London Heathrow will be forced to cut passenger charges next year following a final decision from the UK Civil Aviation Authority on price caps for the five-year period ending December 2026.

The CAA’s decision, published on 8 March, has drawn criticism from Heathrow for setting the charges too low, and from Virgin Atlantic for not going far enough with the cuts.

Airport British Airways

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Charges for 2023 will remain fixed at the £31.57 ($37.37) per passenger interim cap issued by the CAA earlier this year. The average maximum price per passenger will then fall by about 20% to £25.43 in 2024, says the regulator, and will remain “broadly flat at that level” until the end of 2026.

The average per-passenger charge over the five years to December 2026 will be £27.49, down from the £28.39 proposed by the CAA last summer. The regulator says the reduced charges from 2024 recognise that passenger volumes are expected to return to pre-pandemic levels.

The charges “should benefit passengers in terms of lower costs, while also allowing Heathrow Airport Limited to continue investing in the airport for the benefit of consumers”, says the CAA. This includes a £3.6 billion investment programme which, among other things, will bring new security scanners and a new baggage system to Terminal 2.

But Heathrow disagrees with the cap, arguing that the CAA “has chosen to cut airport charges to their lowest real terms level in a decade at a time when airlines are making massive profits and Heathrow remains loss-making because of fewer passengers and higher financing costs”. The airport believes the CAA’s decision “makes no sense and will do nothing for consumers at a time when the CAA should be incentivising investment to rebuild service”.

Heathrow and its main airlines have very different opinions on the issue of charges. The airport had proposed an average charge over the five years to end-2026 of £40, while airlines were seeking an average cap of around £18.50.

In response to the CAA’s final decision, Virgin Atlantic chief executive Shai Weiss blasts the regulator for not having “gone far enough to push back on a monopolistic Heathrow and fulfil its statutory duty to protect consumers”.

He adds: “After nearly two years of consultation and an abundance of evidence that supports a significantly lower price cap, the CAA has finally adjusted course. However, an average cap of £27.49 until 2026, adjusted for inflation, still penalises passengers at the world’s most expensive airport which, by its own admission, grew more than any other airport last year.”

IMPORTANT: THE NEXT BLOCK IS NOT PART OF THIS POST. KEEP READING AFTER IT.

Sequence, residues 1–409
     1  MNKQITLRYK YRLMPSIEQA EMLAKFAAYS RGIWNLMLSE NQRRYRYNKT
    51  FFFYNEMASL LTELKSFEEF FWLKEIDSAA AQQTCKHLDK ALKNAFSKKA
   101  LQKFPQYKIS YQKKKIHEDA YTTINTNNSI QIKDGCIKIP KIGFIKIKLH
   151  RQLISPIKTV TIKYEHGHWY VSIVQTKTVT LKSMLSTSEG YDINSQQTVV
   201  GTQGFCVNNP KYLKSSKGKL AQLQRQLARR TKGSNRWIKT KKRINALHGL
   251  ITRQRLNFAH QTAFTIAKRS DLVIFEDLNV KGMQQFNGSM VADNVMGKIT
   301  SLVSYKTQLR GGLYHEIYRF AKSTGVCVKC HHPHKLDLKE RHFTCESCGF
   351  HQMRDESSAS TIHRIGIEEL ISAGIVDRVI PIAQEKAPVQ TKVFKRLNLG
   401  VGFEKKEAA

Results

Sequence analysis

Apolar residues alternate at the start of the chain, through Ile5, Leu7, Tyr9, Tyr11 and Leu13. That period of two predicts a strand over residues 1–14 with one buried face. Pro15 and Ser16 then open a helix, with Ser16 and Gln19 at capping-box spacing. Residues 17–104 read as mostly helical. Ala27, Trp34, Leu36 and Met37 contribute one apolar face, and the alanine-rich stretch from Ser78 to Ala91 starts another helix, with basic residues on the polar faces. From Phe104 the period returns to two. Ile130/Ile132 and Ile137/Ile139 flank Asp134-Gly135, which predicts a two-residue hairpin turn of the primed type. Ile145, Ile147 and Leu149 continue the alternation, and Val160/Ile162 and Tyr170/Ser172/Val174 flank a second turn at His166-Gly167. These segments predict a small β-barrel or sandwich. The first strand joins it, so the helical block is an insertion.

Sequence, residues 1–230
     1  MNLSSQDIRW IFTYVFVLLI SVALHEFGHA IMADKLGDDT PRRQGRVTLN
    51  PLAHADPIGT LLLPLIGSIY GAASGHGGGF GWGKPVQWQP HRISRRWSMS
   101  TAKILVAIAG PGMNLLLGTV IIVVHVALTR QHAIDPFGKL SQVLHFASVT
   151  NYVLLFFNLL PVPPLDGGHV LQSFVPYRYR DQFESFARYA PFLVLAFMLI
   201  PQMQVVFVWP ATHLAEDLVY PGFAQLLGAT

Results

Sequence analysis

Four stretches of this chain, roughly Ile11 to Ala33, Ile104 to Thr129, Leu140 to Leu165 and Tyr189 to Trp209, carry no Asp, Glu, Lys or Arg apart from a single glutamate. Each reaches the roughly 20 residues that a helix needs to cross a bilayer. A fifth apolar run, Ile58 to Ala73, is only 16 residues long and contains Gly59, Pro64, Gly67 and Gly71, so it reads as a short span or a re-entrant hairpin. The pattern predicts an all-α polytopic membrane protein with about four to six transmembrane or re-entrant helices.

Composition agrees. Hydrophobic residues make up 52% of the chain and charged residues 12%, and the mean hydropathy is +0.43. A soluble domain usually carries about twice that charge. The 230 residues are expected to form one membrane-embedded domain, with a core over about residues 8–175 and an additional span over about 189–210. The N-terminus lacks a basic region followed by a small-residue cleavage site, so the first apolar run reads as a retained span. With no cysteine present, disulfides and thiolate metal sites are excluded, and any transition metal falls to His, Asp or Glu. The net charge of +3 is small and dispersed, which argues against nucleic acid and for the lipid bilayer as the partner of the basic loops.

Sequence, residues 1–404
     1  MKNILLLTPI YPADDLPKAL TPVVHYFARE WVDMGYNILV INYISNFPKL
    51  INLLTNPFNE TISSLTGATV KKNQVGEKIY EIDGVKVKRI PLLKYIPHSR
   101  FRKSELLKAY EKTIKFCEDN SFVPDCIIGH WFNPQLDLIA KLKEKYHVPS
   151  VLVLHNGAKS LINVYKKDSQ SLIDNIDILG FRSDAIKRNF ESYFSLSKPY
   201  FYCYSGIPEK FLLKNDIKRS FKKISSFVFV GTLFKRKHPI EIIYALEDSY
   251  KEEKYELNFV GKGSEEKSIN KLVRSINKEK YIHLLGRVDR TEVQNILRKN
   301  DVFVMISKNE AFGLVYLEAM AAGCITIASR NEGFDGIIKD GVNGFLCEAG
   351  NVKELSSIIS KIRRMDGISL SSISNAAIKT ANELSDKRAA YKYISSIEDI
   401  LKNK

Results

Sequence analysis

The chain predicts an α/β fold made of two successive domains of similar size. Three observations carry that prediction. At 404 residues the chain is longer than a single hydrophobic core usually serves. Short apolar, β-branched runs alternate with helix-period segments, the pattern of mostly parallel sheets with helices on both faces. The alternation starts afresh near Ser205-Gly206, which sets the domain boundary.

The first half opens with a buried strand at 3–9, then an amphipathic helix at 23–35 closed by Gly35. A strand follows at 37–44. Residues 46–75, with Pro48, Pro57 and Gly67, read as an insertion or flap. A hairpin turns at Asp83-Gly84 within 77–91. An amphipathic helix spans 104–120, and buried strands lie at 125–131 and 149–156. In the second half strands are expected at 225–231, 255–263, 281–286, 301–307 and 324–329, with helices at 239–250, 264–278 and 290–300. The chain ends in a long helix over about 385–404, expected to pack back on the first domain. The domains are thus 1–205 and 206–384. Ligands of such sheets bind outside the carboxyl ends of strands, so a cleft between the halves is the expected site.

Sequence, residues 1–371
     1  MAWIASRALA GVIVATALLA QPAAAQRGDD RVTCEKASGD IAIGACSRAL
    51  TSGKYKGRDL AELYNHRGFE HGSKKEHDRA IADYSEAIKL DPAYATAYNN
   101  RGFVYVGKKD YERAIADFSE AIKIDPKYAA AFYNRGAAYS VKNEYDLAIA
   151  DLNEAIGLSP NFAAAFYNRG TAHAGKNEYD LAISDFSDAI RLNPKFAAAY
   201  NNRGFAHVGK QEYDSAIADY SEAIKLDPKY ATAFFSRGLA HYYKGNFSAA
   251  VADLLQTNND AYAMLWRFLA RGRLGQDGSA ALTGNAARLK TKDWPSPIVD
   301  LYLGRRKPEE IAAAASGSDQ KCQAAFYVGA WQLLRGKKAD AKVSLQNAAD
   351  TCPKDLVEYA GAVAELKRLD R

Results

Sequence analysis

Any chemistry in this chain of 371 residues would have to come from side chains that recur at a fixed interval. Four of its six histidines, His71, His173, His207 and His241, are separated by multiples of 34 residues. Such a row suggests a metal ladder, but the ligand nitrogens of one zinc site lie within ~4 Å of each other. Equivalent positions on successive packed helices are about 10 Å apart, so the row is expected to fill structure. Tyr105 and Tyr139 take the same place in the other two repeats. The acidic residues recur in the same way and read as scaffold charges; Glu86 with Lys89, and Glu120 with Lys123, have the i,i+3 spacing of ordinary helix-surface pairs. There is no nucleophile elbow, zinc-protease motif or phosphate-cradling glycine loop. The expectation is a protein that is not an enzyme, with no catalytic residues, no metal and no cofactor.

CAA chief executive Richard Moriarty says the regulator has “carefully considered the sharply differing views” from Heathrow and the airlines in reaching its decision, noting that “their respective shareholder interests lead the airport to argue for higher charges and the airlines to argue for lower charges”.

He adds: “Our job is to reach an independent decision from these conflicting commercial interests and focus on what is in the best interests for the travelling public that will use Heathrow in the years to come. In doing so, we have taken all the points made by Heathrow Airport Limited and airlines into account, along with extensive consultation and our own detailed analysis.

“We are confident our final decision represents a good deal for consumers using Heathrow, while having regard for the airport’s need to efficiently finance its operations and be able to invest in improving services for the future.”

The airport and airlines have the option of appealing to the UK Competition and Markets Authority. Heathrow says it will “take some time to carefully consider our next steps”, while Virgin Atlantic says it will also review its position “carefully”.

FlightGlobal has approached British Airways, Heathrow’s largest airline, for comment.